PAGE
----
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Encryption The Internet Your Rights Online

Anonymous, Decentralized and Uncensored File-Sharing Is Booming 308

Posted by Soulskill
from the can't-stop-the-signal dept.
PatPending writes with this excerpt from TorrentFreak: "The RetroShare network allows people to create a private and encrypted file-sharing network. Users add friends by exchanging PGP certificates with people they trust. All the communication is encrypted using OpenSSL and files that are downloaded from strangers always go through a trusted friend. In other words, it's a true Darknet and virtually impossible to monitor by outsiders. RetroShare founder DrBob told us that while the software has been around since 2006, all of a sudden there's been a surge in downloads. 'The interest in RetroShare has massively shot up over the last two months,' he said."
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Anonymous, Decentralized and Uncensored File-Sharing Is Booming

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  • by jdogalt (961241) on Sunday March 04, 2012 @05:26AM (#39237683) Journal

    A true darknet would not depend on traditiona DNS (root servers). I can't immediately tell from their FAQ if their methods are entirely independent of DNS.

  • by sirwired (27582) on Sunday March 04, 2012 @05:38AM (#39237733)

    "...files that are downloaded from strangers always go through a trusted friend."

    Doesn't that just make the "friend" instantly liable for contributory infringement? It's going to be hard (impossible)? for the "friend" to qualify for "common carrier" status, which could provide a safe harbor against an infringement suit.

    It's true that this setup appears to be resistant to monitoring by outsiders, but keeping the people you don't want as members out of your online network is difficult, to say the least. It's certainly more work than busting up torrenters, but it's not exactly a difficult barrier either.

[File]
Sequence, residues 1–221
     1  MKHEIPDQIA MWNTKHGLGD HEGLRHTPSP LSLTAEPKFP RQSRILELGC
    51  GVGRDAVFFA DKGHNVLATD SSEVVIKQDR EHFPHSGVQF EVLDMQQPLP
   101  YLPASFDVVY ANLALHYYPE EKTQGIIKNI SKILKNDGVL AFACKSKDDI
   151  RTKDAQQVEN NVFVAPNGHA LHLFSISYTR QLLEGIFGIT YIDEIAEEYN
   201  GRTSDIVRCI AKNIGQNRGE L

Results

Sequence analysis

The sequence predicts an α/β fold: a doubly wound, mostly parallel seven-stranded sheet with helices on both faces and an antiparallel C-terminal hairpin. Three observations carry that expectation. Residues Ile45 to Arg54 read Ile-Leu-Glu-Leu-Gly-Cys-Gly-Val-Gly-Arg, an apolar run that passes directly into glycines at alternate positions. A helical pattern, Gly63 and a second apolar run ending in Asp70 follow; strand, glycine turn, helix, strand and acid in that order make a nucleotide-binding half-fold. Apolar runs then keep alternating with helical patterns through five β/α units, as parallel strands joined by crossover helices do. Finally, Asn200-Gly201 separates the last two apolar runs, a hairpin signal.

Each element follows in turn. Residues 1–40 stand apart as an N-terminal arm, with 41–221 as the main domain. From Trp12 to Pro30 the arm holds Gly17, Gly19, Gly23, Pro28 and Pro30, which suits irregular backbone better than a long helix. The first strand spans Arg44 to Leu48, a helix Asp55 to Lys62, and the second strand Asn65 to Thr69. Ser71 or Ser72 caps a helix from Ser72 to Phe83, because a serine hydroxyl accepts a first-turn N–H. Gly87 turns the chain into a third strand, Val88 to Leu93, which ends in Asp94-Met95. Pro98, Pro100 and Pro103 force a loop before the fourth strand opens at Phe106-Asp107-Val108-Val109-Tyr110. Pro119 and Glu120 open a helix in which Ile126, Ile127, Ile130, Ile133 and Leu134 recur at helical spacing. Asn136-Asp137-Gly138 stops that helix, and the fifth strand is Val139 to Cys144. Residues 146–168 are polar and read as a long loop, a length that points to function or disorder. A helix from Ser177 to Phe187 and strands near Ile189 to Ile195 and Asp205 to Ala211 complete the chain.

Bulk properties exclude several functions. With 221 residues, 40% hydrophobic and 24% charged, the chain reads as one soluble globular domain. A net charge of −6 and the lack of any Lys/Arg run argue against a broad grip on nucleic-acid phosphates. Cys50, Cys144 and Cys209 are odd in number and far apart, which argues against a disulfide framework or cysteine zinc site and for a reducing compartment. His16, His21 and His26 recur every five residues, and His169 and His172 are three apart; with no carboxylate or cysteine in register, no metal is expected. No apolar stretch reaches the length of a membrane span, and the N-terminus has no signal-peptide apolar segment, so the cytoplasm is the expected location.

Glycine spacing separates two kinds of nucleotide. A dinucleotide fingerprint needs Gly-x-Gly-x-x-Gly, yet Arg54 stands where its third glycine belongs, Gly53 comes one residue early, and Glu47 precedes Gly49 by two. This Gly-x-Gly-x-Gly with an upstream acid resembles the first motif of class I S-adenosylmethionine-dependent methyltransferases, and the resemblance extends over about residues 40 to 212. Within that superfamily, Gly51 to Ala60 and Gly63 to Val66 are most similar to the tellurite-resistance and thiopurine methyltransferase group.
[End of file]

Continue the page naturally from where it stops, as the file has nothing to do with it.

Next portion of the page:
And, if I'm providing files, I want files downloaded TO strangers to go through one of my trusted friends (of course, that friend is going to have the contributory infringement problems I suggested earlier.) I don't give a *bleep!* about the downloader covering his tracks, (And when has the xxAA gone after downloaders? Don't they always go after uploaders?) I'm more worried about mine.

  • by Alain Williams (2972) <addw@phcomp.co.uk> on Sunday March 04, 2012 @05:43AM (#39237759) Homepage

    If you are being monitored the police/... can still see who you are talking to even if they can't understand what you are saying. OK: if messages are routed through a friend to some other ''accomplice'' it makes things a bit harder for them, but most private networks like this will not have huge numbers of people on them. Also you can learn a lot just by studying the timings of packets (eg: a packet from A to B is often followed by a similarly sized packet from B to C, it looks as if A is talking to C).

  • Re:What a surprise (Score:5, Interesting)

    by EdZ (755139) on Sunday March 04, 2012 @05:50AM (#39237783)
    It basically sounds like Perfect Dark [wikipedia.org], but with manual initial per-finding and weaker security (if you always have the same web of friends, you can likely be tracked by this web).
  • by Jane Q. Public (1010737) on Sunday March 04, 2012 @05:50AM (#39237787)
    OneSwarm, from the University of Washington, addresses this issue. You can join any number of private networks or set up an arbitrary number of your own. And in that sense it is not completely anonymous, in the same way that RetroShare is not fully anonymous. But with OneSwarm, it is impossible to tell where the [pieces of] files reside on the network, or what nodes the files go through when you download. So while joining the network might not be completely anonymous, sharing files is.